• Legal Aid NSW is satisfied that the application for an order is frivolous or vexatious, or
  • There are no reasonable prospects of success.

4.16.4 Varying or revoking a bond or probation order

Legal aid is available to children or young people in proceedings to vary or revoke a bond or probation order under the Children (Criminal Proceedings) Act 1986 (NSW).

Where the applicant for legal aid is the respondent

Legal aid is available to respondents in applications to vary or revoke a bond or probation order.

Where the applicant for legal aid is seeking to make an application

Legal aid is available to make an application to vary or revoke a bond or probation order.

To be eligible for legal aid the applicant must satisfy:

Note: see Local Court Policies 4.3.6 and 4.3.7 for when legal aid is available in the Local Court in relation to a Community Correction Order or a Conditional Release Order made under the Crimes (Sentencing Procedure) Act 1999 (NSW).

4.16.5 Restorative Justice Programs–Youth Conferencing

Legal aid is available to children or young people who are participating in a restorative justice program where the court makes an order in relation to Youth Justice Conferencing pursuant to the Young Offenders Act 1997 (NSW).

To be eligible for legal aid the applicant must satisfy:

  • that it is appropriate in the circumstances that the applicant has legal representation.

NOTE: Criminal Law Guideline 1.9 sets out the criteria for determining whether it is appropriate that the applicant has legal representation.

4.16.6 Appeals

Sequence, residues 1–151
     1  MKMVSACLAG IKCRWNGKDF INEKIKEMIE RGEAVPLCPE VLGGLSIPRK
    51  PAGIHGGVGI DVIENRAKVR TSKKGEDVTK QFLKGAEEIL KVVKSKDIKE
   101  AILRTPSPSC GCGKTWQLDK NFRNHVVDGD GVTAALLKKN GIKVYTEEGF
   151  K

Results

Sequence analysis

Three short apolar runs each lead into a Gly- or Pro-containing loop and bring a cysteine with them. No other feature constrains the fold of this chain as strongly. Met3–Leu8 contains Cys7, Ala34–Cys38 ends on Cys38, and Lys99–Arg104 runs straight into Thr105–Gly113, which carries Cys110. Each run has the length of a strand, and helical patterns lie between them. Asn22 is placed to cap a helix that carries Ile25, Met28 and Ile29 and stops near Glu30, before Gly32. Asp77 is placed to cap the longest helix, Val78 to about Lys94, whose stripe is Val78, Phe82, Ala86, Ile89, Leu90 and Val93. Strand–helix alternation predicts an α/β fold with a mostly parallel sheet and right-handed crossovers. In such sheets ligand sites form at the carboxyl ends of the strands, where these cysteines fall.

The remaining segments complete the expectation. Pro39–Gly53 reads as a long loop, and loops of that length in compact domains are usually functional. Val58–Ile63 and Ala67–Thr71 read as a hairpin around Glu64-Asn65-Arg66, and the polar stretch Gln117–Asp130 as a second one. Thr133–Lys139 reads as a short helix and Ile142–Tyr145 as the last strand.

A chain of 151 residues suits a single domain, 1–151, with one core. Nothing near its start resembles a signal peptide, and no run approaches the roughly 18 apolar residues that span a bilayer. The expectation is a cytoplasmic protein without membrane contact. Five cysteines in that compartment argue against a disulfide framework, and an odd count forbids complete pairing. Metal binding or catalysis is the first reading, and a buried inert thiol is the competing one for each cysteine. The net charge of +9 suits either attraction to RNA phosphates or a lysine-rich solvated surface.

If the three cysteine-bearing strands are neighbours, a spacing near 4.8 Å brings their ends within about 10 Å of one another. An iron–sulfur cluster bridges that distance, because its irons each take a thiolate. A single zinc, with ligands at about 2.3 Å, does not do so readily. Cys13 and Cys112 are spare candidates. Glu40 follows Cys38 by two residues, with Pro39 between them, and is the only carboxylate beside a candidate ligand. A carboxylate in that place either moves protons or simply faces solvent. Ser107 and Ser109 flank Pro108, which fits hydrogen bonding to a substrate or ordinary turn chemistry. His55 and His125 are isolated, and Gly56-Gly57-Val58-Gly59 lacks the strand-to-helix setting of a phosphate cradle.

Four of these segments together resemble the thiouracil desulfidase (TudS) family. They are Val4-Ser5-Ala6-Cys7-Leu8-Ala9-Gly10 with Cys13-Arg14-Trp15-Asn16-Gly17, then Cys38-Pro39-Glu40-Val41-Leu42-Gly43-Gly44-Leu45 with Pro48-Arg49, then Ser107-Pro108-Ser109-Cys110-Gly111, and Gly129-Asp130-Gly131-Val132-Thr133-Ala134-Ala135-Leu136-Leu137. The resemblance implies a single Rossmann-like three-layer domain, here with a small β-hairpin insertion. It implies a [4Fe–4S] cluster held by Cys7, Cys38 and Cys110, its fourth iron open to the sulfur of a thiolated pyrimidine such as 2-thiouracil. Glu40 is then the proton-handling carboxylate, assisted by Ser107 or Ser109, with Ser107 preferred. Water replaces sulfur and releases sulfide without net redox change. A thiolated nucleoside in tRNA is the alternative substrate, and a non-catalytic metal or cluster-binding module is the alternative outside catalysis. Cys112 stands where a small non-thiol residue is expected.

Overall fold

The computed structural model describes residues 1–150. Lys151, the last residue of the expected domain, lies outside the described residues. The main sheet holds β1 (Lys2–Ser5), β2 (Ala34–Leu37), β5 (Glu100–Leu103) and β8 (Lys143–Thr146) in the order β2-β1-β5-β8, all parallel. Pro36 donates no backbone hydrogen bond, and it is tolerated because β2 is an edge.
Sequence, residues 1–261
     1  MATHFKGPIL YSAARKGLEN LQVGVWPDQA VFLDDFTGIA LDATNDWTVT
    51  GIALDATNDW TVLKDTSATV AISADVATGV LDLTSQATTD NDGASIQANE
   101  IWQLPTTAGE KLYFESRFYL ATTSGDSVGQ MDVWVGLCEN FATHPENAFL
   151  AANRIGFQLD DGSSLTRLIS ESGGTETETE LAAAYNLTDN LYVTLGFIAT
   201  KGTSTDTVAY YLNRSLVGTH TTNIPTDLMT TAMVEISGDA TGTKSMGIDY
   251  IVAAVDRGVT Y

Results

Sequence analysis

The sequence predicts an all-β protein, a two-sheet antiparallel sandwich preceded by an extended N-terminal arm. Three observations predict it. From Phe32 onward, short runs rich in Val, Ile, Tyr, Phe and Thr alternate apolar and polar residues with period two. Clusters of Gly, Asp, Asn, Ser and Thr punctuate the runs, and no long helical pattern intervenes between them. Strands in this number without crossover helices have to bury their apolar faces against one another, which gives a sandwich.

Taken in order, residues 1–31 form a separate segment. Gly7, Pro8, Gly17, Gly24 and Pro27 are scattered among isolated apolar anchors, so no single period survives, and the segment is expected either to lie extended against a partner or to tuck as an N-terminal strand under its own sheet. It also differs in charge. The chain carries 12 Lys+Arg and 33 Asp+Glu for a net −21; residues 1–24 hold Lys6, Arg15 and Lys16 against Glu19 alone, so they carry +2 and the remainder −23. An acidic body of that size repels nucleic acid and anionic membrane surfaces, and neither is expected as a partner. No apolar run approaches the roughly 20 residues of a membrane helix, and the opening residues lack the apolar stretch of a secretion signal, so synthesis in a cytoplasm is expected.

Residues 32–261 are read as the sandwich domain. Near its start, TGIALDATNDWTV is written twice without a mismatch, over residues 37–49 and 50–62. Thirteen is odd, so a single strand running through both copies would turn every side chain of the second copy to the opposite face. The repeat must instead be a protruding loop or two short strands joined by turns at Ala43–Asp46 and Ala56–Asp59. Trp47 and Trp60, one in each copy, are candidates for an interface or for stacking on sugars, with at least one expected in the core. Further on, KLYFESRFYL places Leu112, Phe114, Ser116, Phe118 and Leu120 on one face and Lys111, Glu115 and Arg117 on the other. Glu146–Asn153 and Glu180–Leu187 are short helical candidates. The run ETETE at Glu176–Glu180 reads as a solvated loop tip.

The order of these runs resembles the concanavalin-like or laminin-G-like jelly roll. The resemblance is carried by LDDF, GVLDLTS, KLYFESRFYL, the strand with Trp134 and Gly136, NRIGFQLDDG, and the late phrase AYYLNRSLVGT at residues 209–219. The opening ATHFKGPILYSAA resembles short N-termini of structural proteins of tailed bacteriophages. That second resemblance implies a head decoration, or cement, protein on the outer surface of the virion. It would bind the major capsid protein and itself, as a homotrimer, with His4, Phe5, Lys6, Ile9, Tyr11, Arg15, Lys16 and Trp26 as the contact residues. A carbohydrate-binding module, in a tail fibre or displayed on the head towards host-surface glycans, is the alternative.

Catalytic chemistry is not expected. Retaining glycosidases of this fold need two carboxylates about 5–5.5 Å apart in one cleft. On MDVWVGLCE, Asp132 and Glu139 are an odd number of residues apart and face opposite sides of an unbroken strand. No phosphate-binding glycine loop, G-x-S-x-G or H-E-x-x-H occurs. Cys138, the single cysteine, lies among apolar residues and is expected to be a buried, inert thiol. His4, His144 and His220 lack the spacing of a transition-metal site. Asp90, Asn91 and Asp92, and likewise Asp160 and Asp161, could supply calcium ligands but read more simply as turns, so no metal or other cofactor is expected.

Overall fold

Legal aid is available to children and young people for appeals to the District Court, the Supreme Court, the Court of Criminal Appeal and the High Court.

To be eligible for legal aid the applicant must satisfy:

Legal Aid officers authorised under the Delegation Instrument can determine these grants of aid.

4.16.7 Indictable and sentence matters in the Supreme and District Court

Legal aid is available to children and young people for trials and sentence matters in the District and Supreme Court.

4.16.8 Bail applications in the Supreme Court

Legal aid is available to children and young people for bail applications to the Supreme Court.

To be eligible for legal aid the applicant must satisfy:

4.16.9 Responding to a Mandatory Disease Testing order

Legal aid is available to children and young people to respond to an application for an order made under Part 4 of the Mandatory Disease Testing Act 2021 (NSW).

To be eligible for legal aid the applicant must satisfy:

  • the definition of “vulnerable third party” under the Mandatory Disease Testing Act 2021 (NSW).

NOTE: These applications are administered as criminal law grants.

NOTE: Under the Mandatory Disease Testing Act 2021 (NSW) a “vulnerable third party” means a third party who—
(a)  is at least 14 years of age but under 18 years of age, or
(b)  is suffering from a mental illness or mental condition, or is cognitively impaired, within the meaning of the Mental Health (Forensic Provisions) Act 1990, which significantly affects the vulnerable third party’s capacity to consent to voluntarily provide blood to be tested for blood-borne diseases.


Date Last Published: 05/12/2022